Answer: About three to six weeks.
Resolutions are destined to fail in part because they rely on will power, which cannot last.
Applying will power is repeatedly making a decision to do or not do something. But you have a limited cognitive capacity for making decisions. When you deplete this capacity, you experience “decision fatigue.”
Just like you can’t hold even a small weight without eventually exhausting your arm muscles, you can’t keep making decisions without exhausting your prefrontal cortex.
If you haven’t created a habit by the time your will power is drained, your resolution will fail and your writing resistance will actually increase.
I believe that a New Year’s resolution is code for “This is something I should do, so I’ll be virtuous for a few weeks/days/hours, but we all know it won’t last. I don’t really expect this to continue, I don’t want you to expect this to continue, and I certainly don’t want you to hold me accountable. If you don’t call me on my failed promises, I won’t call you on yours.”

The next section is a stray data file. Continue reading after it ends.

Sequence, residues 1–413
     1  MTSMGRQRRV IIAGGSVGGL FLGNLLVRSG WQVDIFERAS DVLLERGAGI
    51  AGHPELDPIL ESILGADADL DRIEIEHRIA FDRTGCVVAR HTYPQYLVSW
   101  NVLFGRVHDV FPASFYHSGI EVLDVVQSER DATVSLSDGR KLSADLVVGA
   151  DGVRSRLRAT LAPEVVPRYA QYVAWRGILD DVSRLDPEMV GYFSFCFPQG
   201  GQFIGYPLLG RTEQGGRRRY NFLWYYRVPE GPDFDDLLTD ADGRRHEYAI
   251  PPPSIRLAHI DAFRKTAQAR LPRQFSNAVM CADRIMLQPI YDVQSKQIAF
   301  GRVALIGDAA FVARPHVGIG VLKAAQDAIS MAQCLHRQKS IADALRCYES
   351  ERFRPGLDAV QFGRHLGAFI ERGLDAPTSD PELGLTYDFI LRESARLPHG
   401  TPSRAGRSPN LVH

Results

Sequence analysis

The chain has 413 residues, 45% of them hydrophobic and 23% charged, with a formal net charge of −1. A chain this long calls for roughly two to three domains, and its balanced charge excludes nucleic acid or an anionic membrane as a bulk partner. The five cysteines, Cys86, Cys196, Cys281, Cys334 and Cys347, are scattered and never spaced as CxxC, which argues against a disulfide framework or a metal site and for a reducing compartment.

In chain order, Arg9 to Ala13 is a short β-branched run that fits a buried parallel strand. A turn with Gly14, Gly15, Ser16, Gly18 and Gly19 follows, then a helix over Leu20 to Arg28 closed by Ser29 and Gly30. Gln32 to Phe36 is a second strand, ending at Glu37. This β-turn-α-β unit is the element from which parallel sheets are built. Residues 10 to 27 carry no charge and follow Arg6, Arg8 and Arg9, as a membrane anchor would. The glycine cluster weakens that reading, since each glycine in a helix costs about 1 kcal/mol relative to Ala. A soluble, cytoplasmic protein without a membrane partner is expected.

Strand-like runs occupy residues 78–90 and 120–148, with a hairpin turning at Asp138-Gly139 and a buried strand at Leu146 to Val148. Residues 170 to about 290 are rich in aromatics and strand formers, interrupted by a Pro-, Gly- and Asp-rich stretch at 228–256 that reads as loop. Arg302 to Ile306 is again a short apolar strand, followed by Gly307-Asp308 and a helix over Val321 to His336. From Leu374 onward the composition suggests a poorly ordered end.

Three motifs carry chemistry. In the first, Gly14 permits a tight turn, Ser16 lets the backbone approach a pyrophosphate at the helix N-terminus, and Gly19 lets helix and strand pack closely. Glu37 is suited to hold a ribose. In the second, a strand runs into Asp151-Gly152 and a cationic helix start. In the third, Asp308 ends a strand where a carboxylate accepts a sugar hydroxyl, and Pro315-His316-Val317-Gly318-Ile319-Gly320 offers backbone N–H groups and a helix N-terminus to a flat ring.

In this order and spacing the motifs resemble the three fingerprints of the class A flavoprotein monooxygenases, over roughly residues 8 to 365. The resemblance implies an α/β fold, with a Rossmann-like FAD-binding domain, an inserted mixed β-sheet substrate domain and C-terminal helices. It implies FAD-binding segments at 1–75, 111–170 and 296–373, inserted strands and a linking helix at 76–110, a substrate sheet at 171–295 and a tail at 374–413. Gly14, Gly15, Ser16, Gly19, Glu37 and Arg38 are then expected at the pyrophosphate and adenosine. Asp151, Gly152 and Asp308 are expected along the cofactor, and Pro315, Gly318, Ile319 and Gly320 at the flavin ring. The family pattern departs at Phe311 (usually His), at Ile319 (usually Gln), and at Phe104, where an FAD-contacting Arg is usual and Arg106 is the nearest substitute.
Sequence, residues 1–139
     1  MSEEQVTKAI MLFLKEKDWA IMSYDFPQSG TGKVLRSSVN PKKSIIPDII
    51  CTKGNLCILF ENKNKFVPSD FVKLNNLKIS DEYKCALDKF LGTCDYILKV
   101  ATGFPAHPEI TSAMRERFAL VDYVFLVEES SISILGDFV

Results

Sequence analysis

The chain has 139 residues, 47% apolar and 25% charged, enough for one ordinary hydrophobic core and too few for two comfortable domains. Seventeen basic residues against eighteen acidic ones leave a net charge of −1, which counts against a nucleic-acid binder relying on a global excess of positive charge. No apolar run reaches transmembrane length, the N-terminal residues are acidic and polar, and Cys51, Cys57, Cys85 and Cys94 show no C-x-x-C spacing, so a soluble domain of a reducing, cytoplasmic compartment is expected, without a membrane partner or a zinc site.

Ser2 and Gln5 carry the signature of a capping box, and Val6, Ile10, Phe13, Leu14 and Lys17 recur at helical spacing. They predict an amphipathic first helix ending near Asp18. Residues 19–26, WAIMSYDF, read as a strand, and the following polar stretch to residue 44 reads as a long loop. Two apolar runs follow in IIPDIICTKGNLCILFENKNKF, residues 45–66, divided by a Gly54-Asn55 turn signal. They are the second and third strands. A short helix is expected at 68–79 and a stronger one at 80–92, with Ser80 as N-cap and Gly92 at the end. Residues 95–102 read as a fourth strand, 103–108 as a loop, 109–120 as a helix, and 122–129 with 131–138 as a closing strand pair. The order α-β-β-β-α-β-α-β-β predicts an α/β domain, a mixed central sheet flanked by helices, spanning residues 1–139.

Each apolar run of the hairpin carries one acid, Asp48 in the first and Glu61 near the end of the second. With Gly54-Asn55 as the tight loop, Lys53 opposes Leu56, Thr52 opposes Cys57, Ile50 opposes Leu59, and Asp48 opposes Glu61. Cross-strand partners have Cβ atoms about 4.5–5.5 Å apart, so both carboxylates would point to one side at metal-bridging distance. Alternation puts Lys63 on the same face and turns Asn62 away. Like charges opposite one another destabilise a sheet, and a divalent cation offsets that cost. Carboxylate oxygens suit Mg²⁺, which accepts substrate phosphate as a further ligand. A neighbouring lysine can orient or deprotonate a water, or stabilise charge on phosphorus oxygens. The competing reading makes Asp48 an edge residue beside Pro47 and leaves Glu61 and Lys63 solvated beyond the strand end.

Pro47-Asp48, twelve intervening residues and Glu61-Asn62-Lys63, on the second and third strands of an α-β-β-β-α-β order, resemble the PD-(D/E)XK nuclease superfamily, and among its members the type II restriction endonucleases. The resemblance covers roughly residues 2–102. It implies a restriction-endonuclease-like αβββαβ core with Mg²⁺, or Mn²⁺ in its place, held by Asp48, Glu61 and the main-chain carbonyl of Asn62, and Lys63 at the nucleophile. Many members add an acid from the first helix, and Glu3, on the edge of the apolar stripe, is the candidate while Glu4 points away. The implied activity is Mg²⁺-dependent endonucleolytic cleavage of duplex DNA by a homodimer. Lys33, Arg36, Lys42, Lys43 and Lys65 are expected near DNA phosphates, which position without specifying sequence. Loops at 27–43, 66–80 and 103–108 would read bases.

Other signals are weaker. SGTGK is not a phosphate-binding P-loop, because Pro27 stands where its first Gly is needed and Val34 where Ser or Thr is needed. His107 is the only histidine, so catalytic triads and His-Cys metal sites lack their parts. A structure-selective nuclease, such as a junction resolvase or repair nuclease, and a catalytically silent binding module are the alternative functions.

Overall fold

If you want to acquire new writing habits or change anything else in your life, for goodness sake don’t call it a New Year’s resolution!
Making a New Year’s resolution is a set-up for failure. Repeatedly telling yourself you’ll do something and then not doing it is teaching yourself not to trust yourself. Eroding trust in yourself increases writing resistance and makes it more difficult to take action that will serve you.
Therefore, resolve to make no more resolutions! Instead, I recommend you make commitments, set targets and build effective writing habits, which we’ll talk about in upcoming posts.
If you’d like more information and support, check out my upcoming Effective Habits for Your Writing class starting in March. Or come to the free workshop at Common Good Books on January 10 from 7 to 8 pm. Feel free to bring friends, especially if they are tempted to make New Year’s resolutions.